Russia: Legislating Repression Of Civil Society | Freedom House

Russia: Legislating Repression Of Civil Society

New York

Freedom House today expressed grave concern over newly adopted Russian legislation that will further curtail the rights of civil society in Russia.  Despite considerable domestic and international criticism of the proposal, the Duma of the Russian Federation granted final approval to the measure on December 23 in Moscow.  President Vladimir Putin, whose government proposed the measure, is expected to sign the legislation into law.

"This law violates fundamental, universal rights of freedom of expression and association, undermines the independence of existing civic groups and will retard the development of a healthy civil society in Russia," said Freedom House Acting Executive Director Thomas O. Melia.  "Because the groups most likely to be affected immediately are those Russian groups that speak out against other violations of human rights, this legislation is even more pernicious than it appears."

The restrictive NGO legislation represents the most recent measure in what is a larger, systematic effort by the authorities to curb independent voices in Russia. A year ago, Freedom House's global survey of political rights and civil liberties, "Freedom in the World", lowered Russia's ranking from "partly free" to "not free" because of the Putin administration's actions to expand state control over the media, to undermine the independence of the judiciary, and to further marginalize the political opposition.  In 2006, Russia is due to assume the chairmanship of both the G-8 and the Council of Europe.

"Leaders of the G-8 and Council of Europe must hold Russia to the democratic commitments it made when it joined these bodies," said Melia.  "Otherwise, both of these important international institutions run the risk of jeopardizing their credibility during the Russian chairmanship in 2006."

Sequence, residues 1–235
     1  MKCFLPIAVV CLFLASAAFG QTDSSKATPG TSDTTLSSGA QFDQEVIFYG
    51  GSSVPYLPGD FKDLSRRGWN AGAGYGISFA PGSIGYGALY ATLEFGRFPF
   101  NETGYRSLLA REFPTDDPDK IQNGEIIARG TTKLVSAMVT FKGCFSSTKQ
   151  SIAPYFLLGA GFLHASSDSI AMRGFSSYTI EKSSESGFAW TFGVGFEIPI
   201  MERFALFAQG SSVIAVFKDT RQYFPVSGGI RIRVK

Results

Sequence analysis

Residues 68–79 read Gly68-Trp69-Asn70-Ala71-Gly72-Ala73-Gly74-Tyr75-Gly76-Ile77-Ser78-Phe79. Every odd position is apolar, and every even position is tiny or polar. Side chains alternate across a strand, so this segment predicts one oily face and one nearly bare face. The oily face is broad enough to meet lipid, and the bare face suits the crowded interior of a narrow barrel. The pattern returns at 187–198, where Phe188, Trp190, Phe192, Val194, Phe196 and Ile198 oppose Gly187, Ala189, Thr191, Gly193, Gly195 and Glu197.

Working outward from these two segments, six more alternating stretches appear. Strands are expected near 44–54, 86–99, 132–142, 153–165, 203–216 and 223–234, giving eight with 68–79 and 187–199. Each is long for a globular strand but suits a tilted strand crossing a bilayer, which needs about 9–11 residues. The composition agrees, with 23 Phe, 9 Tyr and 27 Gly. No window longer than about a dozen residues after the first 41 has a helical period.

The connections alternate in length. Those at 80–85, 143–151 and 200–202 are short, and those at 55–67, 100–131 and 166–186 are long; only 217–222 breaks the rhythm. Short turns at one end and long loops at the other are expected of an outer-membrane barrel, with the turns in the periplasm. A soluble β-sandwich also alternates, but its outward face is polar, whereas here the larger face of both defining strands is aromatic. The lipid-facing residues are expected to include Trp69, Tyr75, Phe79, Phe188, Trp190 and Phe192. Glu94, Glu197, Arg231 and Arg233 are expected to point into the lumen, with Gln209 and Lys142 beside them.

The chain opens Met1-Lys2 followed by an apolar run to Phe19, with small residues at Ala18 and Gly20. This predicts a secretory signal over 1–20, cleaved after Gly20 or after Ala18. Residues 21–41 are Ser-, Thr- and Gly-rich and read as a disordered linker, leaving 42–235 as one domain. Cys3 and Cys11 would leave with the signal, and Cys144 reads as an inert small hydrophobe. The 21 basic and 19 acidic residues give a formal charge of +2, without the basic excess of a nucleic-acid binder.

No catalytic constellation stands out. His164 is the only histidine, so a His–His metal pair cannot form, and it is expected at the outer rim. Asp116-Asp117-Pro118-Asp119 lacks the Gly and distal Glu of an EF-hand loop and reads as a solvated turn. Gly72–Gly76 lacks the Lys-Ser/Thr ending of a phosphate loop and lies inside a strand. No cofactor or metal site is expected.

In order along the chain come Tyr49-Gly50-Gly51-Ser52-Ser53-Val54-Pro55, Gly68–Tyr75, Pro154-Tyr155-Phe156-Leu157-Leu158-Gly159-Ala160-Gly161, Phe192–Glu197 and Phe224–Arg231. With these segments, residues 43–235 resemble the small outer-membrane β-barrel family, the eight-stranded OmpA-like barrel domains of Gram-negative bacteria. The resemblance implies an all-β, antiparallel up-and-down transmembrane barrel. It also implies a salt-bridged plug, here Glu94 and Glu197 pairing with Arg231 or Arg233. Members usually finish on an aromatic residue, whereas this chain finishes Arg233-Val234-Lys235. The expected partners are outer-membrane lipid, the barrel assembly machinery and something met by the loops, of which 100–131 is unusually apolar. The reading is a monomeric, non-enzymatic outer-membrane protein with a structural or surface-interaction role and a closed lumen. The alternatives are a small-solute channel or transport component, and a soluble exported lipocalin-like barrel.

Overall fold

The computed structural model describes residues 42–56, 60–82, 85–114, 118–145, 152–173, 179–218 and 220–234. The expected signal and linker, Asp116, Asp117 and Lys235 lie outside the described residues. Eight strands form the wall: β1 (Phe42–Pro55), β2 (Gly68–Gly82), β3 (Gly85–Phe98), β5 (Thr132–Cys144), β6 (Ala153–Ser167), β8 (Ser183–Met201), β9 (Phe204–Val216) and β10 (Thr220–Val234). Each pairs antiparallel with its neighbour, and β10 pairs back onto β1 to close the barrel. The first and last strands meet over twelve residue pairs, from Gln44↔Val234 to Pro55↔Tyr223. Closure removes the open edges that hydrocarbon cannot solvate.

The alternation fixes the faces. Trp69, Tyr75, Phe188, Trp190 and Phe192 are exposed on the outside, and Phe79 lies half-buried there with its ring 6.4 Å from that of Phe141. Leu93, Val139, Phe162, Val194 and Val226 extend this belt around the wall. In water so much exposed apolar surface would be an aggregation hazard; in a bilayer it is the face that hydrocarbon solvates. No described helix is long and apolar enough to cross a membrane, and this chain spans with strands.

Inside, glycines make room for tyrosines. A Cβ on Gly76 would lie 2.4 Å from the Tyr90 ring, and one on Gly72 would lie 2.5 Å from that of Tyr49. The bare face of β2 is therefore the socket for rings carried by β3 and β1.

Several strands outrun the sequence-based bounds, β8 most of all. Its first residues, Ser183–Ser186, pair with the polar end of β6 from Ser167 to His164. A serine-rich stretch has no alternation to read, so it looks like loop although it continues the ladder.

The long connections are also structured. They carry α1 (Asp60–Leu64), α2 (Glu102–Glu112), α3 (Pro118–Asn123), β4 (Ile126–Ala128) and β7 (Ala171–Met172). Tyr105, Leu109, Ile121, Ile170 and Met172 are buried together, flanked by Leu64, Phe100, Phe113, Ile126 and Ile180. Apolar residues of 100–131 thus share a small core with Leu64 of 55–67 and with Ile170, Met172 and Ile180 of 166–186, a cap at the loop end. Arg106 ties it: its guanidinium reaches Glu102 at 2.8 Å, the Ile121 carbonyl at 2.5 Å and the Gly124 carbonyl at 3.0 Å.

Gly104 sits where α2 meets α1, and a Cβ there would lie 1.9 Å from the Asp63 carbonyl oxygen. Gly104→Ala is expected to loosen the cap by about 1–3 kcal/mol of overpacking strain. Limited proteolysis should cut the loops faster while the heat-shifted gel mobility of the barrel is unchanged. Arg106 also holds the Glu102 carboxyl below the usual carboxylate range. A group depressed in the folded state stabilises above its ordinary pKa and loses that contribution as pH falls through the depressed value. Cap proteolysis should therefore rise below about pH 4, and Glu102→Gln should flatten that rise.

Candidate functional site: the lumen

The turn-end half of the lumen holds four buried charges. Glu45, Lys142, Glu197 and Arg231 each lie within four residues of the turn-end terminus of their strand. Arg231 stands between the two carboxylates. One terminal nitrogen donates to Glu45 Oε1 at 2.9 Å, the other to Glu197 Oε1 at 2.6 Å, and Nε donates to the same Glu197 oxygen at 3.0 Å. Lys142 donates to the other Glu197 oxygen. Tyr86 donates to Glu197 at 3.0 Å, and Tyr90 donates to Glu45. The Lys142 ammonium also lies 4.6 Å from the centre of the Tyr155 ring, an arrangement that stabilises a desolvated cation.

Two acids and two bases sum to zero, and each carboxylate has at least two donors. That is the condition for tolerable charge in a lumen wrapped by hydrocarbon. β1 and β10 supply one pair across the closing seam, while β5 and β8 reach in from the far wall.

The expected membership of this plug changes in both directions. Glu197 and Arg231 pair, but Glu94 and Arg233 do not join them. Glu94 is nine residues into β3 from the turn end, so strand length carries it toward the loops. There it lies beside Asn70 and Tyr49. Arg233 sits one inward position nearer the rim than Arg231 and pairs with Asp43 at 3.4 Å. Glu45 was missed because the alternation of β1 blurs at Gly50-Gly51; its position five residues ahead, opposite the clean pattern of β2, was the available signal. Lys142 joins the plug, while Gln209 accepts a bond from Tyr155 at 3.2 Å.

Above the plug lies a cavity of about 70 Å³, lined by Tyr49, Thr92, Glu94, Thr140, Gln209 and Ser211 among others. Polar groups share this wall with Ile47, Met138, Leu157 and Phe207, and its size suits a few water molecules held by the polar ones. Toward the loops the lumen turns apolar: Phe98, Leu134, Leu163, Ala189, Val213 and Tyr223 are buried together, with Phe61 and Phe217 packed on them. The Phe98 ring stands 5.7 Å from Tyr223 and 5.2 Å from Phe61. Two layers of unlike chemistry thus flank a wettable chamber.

After the bill was first presented to the Duma in November, Freedom House and other NGOs called upon the Russian State Duma to reject the NGO draft law. The text of that letter follows:

November 23, 2005

The Honorable Boris Gryzlov
Chairman, Russian State Duma
2 Okhotny Ryad

Dear Mr. Chairman:

We write to express our profound concern regarding the proposed law "On Amendments to Certain Legislative Acts of the Russian Federation."  We urge the State Duma to reject this draft law because it threatens to undo years of democratic progress in the Russian Federation.

The draft law will likely paralyze rather than stabilize civil society.  It will also seriously undermine valuable international cooperation and assistance, including critical humanitarian and health services to the Russian Federation.   This draft law violates numerous provisions of the Constitution of the Russian Federation as well as international obligations and, if enacted, will cast doubt on Russia's suitability to lead the G-8 and the Council of Europe next year.  The draft law resembles not the legislation of G-8 countries, but the onerous Kazakhstani legislation which was thrown out by its Constitutional Council several months ago.

We are particularly concerned that the draft law will:

  • Violate the fundamental, universal rights of freedom of expression and association;
  • Establish unified, state control over public organizations with excessive and intrusive regulations;
  • Discriminate against foreign NGOs and citizens and outlaw representative branches of foreign NGOs that provide valuable assistance to Russians;
  • Create an overly complicated registration procedure for NGOs and permit government officials to deny registration to NGOs arbitrarily;
  • Liquidate NGOs that are unable to obtain registration and destroy thousands of jobs, dealing a heavy blow to the economy as well as to civil society in Russia;
  • Isolate Russia from the international community.

Mr. Chairman, we hope that you and your colleagues will oppose this draft law and will lead Russia toward a more democratic and prosperous future in a spirit of cooperation with members of the G-8 and the Council of Europe.


Thomas O. Melia, Acting Executive Director, Freedom House

Stephen Rickard, Director, Open Society Institute-Washington, DC

Charles William Maynes, President, The Eurasia Foundation

Douglas Rutzen, President, International Center for Not-for-Profit Law

Eric R. Biel, Deputy Washington Director and Senior Counsel, Human Rights First

Holly Cartner, Executive Director, Europe and Central Asia division, Human Rights Watch

Mark Pomar, President, IREX

Freedom House is an independent watchdog organization that supports democratic change, monitors the status of freedom around the world, and advocates for democracy and human rights.

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